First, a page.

This is the conclusion I’m drawing from using social media for learning. If people have negative experiences with using social media in their organizations–if people are behaving unprofessionally or inappropriately–I think that there’s something a lot deeper going on that social media is simply bringing to the surface.
We assumed that this would be an environment for civil, professional discussions and never put in any limitations or rules. It seems that this approach worked through modeling appropriate behaviour by both facilitators and members. I have found this group of over 700 members to be polite and even caring for each other. It has been a real pleasure following the learning paths and stories in the blogs and discussion forums.
So why do we see many instances of bad behaviour online? Perhaps some of these forums with nastier comments are just places to vent. Maybe people cannot freely express their opinions at work or at school, or perhaps they feel that no one is listening.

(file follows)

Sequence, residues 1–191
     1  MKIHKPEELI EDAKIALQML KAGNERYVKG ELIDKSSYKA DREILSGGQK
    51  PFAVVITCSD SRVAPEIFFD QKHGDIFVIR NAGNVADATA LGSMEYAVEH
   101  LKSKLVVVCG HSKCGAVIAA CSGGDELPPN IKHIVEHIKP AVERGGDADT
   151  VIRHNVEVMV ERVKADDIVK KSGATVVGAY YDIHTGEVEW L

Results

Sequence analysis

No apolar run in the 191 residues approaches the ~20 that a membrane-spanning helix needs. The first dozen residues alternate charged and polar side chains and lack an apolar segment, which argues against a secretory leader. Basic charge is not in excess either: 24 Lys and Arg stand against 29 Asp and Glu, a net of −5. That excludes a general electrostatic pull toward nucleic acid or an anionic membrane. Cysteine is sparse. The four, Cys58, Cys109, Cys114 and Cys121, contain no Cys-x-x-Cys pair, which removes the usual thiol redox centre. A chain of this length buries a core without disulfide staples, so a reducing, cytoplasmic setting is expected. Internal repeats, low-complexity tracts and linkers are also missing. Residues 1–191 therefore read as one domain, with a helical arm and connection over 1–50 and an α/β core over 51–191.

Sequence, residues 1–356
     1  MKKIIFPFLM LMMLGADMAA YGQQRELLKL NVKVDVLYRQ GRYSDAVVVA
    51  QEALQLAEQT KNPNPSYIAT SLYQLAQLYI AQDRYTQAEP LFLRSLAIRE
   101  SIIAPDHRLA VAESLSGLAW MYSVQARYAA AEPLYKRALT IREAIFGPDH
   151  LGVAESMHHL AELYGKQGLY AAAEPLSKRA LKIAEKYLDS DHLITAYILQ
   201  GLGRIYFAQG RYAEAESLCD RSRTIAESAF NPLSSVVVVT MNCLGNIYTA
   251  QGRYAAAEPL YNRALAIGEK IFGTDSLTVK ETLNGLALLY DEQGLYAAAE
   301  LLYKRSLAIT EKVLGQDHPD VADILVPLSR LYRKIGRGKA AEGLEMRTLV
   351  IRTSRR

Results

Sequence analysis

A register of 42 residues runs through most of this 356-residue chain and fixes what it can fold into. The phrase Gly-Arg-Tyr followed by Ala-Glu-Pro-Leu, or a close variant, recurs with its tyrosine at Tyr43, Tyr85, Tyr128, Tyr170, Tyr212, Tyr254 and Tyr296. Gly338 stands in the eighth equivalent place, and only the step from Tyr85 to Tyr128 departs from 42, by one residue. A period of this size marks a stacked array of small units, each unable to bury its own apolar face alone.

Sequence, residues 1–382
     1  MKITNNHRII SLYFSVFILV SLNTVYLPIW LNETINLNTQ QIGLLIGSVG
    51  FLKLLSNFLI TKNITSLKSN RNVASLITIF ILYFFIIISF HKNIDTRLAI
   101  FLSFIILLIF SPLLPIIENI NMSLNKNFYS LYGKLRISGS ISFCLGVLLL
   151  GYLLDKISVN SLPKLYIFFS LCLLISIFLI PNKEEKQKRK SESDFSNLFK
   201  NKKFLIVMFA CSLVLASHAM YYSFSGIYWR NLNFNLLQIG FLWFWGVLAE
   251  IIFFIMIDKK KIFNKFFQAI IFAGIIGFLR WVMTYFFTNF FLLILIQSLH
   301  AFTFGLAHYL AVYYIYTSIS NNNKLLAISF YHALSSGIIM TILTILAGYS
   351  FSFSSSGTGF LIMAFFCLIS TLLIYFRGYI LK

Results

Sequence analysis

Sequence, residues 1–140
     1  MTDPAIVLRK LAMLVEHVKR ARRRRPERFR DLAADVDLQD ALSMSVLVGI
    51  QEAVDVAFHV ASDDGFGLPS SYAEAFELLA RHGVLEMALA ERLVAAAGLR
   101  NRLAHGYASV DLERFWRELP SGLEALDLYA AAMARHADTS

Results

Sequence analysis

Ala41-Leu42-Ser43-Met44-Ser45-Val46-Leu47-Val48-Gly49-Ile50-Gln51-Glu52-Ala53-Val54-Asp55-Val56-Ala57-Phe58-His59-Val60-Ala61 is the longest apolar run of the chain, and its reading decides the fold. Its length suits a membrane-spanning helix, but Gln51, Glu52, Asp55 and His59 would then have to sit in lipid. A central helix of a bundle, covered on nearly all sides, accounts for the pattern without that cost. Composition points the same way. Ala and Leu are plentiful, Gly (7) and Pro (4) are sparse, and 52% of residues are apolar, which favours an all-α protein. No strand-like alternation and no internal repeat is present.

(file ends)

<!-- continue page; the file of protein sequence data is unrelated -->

Are social networks within organisations more difficult to nurture because 1) the organisation itself may be dysfunctional and 2) individuals recognize this dysfunctionality and 3) this tension may become evident in an online social network. Therefore, when management decides to create a place for an online community they naturally put in rules and workers naturally won’t open up because of these rules. These same workers/students/citizens vent their frustrations in the more open and wild discussion forums such as YouTube comments or CBC news stories (both of which I’ve given up reading).
Of course, this is a completely untested hypothesis.